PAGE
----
Community Reinvestment Act

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Community Reinvestment Act (CRA)

Enacted by Congress in 1977, the CRA encourages banks to help meet the credit needs of their communities for housing and other purposes, particularly in neighborhoods with low or moderate incomes, while maintaining safe and sound operations.

Community Reinvestment Act

A 1977 U.S. law encouraging banks and other lending agencies to extend credit to low and moderate income persons wishing to buy a home. The original contained no penalties, but prohibited lending institutions from discriminating against a potential homeowner based on where he/she lives. Regulatory changes in 1995 and legislative amendment in 1999 are often blamed for encouraging banks to make excessively risky loans in exchange for the ability to offer investment and insurance services. Because of this, some believe the CRA is responsible for the housing bubble that contributed to the recession that began in 2008. See also: Credit Crunch, Gramm-Leach-Bliley Act

Community Reinvestment Act (CRA)

An act passed by Congress in 1977 to encourage financial institutions to meet the credit needs of the communities in which they operate, including low- and moderate-income neighborhoods. Compliance is monitored via regular audits,and a poor record of CRA compliance is taken into consideration when the financial institution applies for deposit facilities,including mergers and acquisitions.

One may find a financial institution's rating for CRA compliance by visiting the Web sites of the various regulatory agencies that track compliance.A financial institution may appear on one list but not others, depending on which agency has responsibility for that bank and its CRA compliance. The possibilities are

Federal Reserve Board (www.federalreserve.gov)
FDIC (www.fdic.gov)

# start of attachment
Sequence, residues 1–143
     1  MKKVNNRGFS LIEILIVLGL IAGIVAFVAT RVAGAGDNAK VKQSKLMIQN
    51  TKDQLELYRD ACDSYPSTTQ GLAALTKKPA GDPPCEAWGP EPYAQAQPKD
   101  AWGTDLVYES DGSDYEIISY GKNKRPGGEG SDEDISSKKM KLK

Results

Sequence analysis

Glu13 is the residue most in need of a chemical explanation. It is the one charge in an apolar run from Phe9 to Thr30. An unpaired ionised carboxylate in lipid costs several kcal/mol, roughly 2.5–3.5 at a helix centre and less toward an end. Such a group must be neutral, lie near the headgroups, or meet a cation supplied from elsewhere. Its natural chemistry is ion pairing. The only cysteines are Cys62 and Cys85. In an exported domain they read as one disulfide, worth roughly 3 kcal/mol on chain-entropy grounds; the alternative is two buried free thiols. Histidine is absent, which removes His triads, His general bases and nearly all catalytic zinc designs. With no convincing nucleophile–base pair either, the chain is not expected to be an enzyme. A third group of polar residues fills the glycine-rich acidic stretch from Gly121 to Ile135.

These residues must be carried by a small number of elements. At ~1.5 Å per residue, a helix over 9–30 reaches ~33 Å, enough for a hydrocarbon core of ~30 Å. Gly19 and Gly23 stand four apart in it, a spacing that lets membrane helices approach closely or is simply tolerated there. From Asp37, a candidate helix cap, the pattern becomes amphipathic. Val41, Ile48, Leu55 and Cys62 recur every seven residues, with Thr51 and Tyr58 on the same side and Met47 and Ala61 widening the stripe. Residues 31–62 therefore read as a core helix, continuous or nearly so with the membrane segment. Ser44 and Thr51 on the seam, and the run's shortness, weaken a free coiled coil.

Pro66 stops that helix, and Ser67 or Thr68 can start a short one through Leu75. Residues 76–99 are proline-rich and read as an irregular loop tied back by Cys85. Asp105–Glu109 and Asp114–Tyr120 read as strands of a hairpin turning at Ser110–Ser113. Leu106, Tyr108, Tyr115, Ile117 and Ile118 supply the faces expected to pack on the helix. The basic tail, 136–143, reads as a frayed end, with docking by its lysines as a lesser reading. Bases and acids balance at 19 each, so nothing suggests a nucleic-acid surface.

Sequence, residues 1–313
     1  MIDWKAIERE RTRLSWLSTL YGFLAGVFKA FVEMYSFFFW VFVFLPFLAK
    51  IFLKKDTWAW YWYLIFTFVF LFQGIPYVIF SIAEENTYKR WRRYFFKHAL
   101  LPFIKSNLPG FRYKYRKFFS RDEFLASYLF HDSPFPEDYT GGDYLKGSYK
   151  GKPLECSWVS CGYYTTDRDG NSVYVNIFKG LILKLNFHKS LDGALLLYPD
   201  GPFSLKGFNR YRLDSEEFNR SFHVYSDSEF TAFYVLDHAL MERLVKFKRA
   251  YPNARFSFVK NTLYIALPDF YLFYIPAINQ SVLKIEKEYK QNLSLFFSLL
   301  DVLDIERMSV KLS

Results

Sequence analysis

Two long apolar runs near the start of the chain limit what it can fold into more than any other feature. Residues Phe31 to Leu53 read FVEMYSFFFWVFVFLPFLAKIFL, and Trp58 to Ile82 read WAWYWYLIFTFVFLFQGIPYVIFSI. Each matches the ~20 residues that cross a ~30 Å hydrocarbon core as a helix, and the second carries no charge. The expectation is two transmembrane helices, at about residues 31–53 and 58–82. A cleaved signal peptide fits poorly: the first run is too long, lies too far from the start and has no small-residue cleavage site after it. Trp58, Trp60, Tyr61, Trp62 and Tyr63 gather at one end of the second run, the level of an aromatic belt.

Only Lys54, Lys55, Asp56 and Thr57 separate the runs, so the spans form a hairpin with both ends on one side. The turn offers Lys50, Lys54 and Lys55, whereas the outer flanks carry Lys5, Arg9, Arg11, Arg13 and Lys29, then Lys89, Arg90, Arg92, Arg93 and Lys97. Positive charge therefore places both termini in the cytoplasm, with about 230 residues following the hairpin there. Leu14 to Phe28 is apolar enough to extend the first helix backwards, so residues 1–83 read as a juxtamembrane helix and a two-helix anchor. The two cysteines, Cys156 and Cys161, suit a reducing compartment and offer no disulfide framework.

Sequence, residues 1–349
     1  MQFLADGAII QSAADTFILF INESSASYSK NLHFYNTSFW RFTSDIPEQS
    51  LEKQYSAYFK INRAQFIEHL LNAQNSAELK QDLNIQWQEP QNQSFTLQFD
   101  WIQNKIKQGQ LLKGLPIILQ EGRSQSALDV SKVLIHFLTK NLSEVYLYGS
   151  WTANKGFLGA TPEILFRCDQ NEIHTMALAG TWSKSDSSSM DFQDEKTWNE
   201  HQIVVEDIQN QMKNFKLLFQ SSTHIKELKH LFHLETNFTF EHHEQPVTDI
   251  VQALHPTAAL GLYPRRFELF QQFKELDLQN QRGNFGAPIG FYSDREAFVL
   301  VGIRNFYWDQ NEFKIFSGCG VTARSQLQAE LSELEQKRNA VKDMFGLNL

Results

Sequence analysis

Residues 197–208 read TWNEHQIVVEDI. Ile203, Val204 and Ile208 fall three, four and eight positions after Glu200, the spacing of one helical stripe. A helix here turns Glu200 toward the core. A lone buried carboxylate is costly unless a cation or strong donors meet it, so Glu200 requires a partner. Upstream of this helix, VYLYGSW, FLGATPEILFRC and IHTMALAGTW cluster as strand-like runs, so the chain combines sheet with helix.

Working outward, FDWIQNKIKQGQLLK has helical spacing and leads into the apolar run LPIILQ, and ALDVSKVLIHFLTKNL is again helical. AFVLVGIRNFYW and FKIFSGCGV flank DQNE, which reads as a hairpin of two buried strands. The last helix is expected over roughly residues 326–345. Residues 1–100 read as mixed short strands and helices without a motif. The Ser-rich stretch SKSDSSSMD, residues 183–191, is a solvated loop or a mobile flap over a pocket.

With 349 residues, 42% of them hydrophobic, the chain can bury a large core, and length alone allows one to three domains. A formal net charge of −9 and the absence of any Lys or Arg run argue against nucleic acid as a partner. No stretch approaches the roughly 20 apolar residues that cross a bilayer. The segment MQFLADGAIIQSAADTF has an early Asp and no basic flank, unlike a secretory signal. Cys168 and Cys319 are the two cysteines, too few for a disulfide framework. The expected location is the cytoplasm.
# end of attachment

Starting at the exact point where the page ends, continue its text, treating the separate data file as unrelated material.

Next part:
Office of Comptroller of the Currency (www.occ.treas.gov)
Office of Thrift Supervision (www.ots.treas.gov)

 

References in periodicals archive ?
The Community Reinvestment Act of 1977 was enacted by Congress to encourage financial institutions to meet the credit needs of all the communities in which they operate, especially low-to-moderate income neighborhoods.
The Community Reinvestment Act of 1977 encouraged commercial banks and savings associations to meet the needs of all segments of communities.
Beginning with the Community Reinvestment Act of 1977, the political system helped create this mess," Michael Novak, a one-time supporter of CRA and other community-based efforts to support neighborhoods, wrote in First Things earlier this year.
Require financial institutions to give back to their communities by providing student loan offerings to low-income communities as part of their community reinvestment obligations as is the case for banks under the Community Reinvestment Act of 1977.
The Board has long held that consideration of the convenience and needs factor includes a review of the records of performance of the relevant depository institutions under the Community Reinvestment Act of 1977 (the "CRA").
Each lucky winner has to submit a Community Support Statement to the board, detailing various aspects of the bank's performance as a community lender, including lending to first-time home buyers and, in some cases, performance under the Community Reinvestment Act of 1977.
Congress asked the Board of Governors of the Federal Reserve System to conduct a comprehensive study of loans made under the Community Reinvestment Act of 1977.
They included: More active local government in housing assistance programs that still involved federal funding through various grant programs such as Community Development Block Grants; Better organized and more motivated community development organizations; More reliance on the ability to raise low-cost capital through state and local housing finance agencies, primarily through tax-exempt bonds; Development of mechanisms by banks and thrifts to meet the legislative requirements of the Community Reinvestment Act of 1977 for greater investment in low-income communities; and Expanded use of local government regulatory powers directed to encourage inclusion of affordable and low-income housing in new developments.
Wynn is trying to persuade the Comptroller of the Currency, Eugene Ludwig, to include the bill as part of the Community Reinvestment Act of 1977, which requires banks and thrifts to meet the credit needs of the communities they serve.
Also, loans to and equity investments in LIHC projects qualify toward satisfying a financial institution's obligations under the Community Reinvestment Act of 1977 (CRA).
The Community Reinvestment Act of 1977 requires banks to meet the credit needs of all the communities where they do business within the United States, especially low- and moderate-income communities and families.
If a state member bank, or any insured depository institution affiliate of the bank, has received less than a "satisfactory" rating in meeting community credit needs in its most recent examination under the Community Reinvestment Act of 1977 (12 U.

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